This volume contains all the papers presented at the Eleventh
International Conference on Algorithmic Learning Theory (ALT 2000)
held at Coogee Holiday Inn, Sydney, Australia, 11 - 13 December 2000.
The conference was sponsored by the School of Computer Science and Engineering,
University of New South Wales, and supported by
the IFIP Working Group 1.4 on Computational Learning Theory and
the Computer Science Association (CSA) of Australia.
In response to the call for papers 39 submissions were received on all aspects of algorithmic learning theory. Out of these 22 papers were accepted for presentation by the program committee. In addition, there were three invited talks by William Cohen (Whizbang Labs), Tom Dietterich (Oregon State Univeristy), and Osamu Watanabe (Tokyo Institute of Technology).
This year's conference is the last in the millenium and eleventh overall in the ALT series. The first ALT workshop was held in Tokyo in 1990. It was merged with the workshop on Analogical and Inductive Inference in 1994. The conference focuses on all areas related to algorithmic learning theory, including (but not limited to) the design and analysis of learning algorithms, the theory of machine learning, computational logic of/for machine discovery, inductive inference, learning via queries, new learning models, scientific discovery, learning by analogy, artificial and biological neural networks, pattern recognition, statistical learning, Bayesian/MDL estimation, inductive logic programming, data mining and knowledge discovery, and application of learning to biological sequence analysis. In the current conference there were papers from a variety of the above areas, refelecting both the theoretical as well as practical aspects of learning. The conference was collocated with Pacific Knowledge Acquisition Workshop and Australian Machine Learning Workshop, thus providing interesting interaction between the above communities.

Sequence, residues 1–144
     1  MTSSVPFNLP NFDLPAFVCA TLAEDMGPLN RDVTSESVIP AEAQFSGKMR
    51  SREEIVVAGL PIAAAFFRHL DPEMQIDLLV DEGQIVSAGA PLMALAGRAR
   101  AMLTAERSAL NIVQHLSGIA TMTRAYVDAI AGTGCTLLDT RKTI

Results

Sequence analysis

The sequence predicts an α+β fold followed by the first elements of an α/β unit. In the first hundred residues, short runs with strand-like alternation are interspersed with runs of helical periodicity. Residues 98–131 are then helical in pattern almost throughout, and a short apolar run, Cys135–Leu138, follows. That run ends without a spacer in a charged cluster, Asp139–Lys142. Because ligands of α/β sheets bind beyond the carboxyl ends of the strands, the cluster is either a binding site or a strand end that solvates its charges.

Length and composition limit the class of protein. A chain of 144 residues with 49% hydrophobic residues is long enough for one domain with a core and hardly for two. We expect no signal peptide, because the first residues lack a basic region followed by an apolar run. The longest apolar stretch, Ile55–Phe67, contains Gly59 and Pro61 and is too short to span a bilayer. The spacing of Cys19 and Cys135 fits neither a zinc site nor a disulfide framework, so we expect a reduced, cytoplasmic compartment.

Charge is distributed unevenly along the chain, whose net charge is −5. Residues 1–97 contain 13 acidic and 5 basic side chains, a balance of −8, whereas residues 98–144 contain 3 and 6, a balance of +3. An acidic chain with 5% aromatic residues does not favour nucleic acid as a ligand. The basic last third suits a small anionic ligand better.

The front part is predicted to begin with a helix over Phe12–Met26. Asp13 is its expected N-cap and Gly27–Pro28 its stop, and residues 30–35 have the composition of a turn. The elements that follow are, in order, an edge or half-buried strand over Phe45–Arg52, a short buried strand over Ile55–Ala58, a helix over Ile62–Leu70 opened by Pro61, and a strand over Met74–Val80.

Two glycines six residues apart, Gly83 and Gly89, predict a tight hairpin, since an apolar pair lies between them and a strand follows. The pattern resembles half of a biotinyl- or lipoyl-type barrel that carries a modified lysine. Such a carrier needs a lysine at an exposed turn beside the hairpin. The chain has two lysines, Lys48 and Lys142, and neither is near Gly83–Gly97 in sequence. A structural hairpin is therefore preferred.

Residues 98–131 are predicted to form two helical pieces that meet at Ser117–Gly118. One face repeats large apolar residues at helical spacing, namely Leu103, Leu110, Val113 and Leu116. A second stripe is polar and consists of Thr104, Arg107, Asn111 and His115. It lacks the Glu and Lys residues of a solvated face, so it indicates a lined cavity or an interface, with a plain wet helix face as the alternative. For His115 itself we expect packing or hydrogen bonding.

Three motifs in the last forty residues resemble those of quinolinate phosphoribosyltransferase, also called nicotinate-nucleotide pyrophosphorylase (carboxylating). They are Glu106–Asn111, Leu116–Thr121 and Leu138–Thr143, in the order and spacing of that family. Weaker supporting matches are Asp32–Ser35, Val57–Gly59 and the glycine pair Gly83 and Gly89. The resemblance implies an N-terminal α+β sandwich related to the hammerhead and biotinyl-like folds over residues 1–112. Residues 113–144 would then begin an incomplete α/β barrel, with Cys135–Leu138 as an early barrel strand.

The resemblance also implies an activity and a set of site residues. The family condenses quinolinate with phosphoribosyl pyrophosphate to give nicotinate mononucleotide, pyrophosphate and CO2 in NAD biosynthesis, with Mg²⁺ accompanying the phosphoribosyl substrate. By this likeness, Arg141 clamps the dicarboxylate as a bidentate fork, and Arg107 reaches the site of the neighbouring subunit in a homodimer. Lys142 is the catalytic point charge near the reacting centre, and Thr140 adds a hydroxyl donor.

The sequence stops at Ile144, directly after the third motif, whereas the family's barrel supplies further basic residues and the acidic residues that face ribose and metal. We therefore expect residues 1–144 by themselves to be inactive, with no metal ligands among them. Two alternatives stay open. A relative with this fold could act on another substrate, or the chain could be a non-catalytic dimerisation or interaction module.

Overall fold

The E. M. Gold Award is presented to the most outstanding paper by a student author, selected by the program committee of the conference. This year's award was given to Gunter Grieser for the paper ``Learning of recursive concepts with anomalies.''
We would like to thank the program committee members,
and the subreferees (listed separately)* for spending their valuable time reviewing and evaluating the papers.
We would also like to thank Eric Martin (Univ. of New South Wales) and Eric McCreath (University of Sydney) for local arrangments, and the ALT Steering Committee consisting of Peter Bartlett, Klaus P. Jantke, Phil Long, Heikki Mannila, Akira Maruoka, Luc De Raedt, Arun Sharma, Takeshi Shinohara, Osamu Watanabe, and Thomas Zeugmann for providing the management of the ALT series.
School of Computer Science and Engineering, The University of New South Wales
IFIP Working Group 1.4 on Computational Learning Theory
Computer Science Association (CSA)
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